The mental aspect of practicing should not be overlooked. When practicing, it is helpful to go over pieces in your head before playing. This way, your brain understands what your fingers, mouth, or arms are doing. Connecting the mental aspect of practice makes sure that your body isn’t going faster than your brain, which is one of the main reasons why musicians slip up while playing an instrument.

6. Record yourself playing.

Recording yourself playing is the change that will leave you with the most shocking impacts. If you are playing a piece, record yourself and listen. Hearing yourself through an objective lens after playing is much different than hearing yourself while playing. If you are playing a fast section, it can even help to slow down the video in a video editor, such as iMovie, and see if your notes are even or find any mistakes you may have made. Even if you can’t catch them, those mistakes will be glaring when the video is slowed down, and being aware of them and making conscious efforts to correct them is key to becoming a better musician.

7. Set goals.

Goal-oriented practice is important because it motivates you to work towards a specific target. Whether it simply be a recital, learning a piece of music, or being able to master a certain skill or technique, setting that ambition in your sights will give your practice direction and meaning, as you can practice accordingly to reach your goal.

8. Learn from the best.

Watching YouTube videos of musical performances is a fantastic way to see how the greatest musicians play their instruments. This will ensure that you understand what you should be aiming towards in your instrument. It may be certain ways that they approach techniques or ways they control their tone. Online resources such as interviews or masterclasses by respected musicians are exceptional resources that will help you incorporate new concepts and details into your own practice.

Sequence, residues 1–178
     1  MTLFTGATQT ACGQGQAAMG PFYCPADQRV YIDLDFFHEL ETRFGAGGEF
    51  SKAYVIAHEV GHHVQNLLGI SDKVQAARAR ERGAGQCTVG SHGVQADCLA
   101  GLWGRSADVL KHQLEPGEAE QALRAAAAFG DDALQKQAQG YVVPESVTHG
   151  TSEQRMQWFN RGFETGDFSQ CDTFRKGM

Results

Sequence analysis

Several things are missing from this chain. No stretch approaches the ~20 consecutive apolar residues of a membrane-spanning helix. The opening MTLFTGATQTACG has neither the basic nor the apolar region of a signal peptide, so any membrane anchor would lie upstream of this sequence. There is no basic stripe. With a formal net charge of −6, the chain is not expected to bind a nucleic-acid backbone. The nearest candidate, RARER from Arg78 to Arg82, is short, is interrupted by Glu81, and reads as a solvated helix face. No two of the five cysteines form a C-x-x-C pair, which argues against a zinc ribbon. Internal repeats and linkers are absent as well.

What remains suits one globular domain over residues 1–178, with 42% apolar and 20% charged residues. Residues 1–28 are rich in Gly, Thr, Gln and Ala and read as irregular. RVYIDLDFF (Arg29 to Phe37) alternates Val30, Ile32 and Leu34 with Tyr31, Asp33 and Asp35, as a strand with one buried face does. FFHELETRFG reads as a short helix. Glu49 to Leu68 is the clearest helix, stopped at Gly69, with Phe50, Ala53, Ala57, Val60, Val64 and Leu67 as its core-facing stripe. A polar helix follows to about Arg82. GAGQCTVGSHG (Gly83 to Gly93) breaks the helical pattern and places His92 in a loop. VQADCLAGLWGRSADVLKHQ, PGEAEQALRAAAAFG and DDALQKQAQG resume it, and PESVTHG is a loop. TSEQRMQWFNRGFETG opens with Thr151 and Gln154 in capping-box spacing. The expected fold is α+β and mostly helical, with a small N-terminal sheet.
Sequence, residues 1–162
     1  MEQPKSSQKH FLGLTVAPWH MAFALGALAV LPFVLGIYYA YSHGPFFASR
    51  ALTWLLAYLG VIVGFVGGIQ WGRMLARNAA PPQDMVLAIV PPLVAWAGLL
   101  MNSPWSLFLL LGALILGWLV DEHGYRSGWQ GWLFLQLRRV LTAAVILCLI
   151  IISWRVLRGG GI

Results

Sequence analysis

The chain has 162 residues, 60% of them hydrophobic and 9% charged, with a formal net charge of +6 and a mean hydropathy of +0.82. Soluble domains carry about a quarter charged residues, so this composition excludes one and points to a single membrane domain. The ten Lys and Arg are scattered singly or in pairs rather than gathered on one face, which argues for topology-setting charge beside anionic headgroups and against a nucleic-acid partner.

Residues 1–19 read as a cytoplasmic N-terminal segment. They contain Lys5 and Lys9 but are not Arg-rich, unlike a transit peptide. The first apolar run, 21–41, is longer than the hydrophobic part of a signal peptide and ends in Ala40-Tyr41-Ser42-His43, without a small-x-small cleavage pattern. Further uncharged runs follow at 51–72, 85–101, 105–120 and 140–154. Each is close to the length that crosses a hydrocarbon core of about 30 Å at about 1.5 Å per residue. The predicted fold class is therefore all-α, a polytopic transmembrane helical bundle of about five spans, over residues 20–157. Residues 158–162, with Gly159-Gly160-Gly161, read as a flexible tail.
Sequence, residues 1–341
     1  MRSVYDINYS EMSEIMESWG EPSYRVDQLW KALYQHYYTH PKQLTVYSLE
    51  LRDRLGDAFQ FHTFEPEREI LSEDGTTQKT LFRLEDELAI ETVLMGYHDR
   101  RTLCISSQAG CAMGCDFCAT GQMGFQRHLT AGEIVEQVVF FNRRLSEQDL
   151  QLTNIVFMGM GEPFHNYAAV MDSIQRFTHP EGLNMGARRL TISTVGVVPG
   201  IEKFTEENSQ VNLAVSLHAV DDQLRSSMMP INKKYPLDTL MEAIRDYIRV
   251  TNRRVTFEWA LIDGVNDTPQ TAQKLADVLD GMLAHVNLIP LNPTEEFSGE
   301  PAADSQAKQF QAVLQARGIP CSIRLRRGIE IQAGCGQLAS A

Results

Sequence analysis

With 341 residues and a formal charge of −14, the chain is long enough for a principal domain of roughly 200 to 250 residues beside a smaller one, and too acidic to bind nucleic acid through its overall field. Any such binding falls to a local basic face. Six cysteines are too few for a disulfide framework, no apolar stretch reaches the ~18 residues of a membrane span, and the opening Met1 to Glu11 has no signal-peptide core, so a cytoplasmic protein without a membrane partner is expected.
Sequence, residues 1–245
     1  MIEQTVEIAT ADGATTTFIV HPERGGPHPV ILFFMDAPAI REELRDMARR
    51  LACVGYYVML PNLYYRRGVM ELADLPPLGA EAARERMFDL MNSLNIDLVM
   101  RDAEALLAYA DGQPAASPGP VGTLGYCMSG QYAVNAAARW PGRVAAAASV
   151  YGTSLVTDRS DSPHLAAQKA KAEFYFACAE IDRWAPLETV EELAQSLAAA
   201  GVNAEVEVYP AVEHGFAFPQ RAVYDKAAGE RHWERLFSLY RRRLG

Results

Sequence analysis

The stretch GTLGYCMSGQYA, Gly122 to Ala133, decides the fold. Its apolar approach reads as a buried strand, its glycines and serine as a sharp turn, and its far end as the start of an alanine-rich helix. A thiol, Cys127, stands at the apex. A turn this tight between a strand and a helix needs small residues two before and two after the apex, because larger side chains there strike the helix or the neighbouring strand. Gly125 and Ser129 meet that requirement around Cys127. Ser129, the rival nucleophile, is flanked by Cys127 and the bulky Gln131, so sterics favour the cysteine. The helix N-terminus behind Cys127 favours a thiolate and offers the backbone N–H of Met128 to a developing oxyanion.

9. Practice with a metronome.

If you only decide to follow only one thing from this list, it would be to always use a metronome when practicing. Being able to keep in time is something that every musician should be able to do very well. Even if a piece is in rubato, where you are instructed to deviate from playing strictly in time, knowing how to play in time will help you know precisely when speed up and slow down from being perfectly in time, rather than simply being incapable of sticking to a steady tempo. Furthermore, this is doubly helpful if you plan to play in an ensemble, orchestra, or band.

If you follow these tips, you can ensure that you will be spending your practice time as efficiently as possible, and maximizing your productivity. A common misconception is that practicing more is always good. However, this is far from the truth. Following these guidelines, you can practice an amount that is not restrictive on your social life and school work, and still achieve great results.

Overall, practicing helps you solidify your technique and learn pieces, and following these tips will help you to be the most efficient you can be with your time. Remember to spread out your practicing time, be organized, get feedback (whether through an instructor or listening to yourself), and always play with a metronome!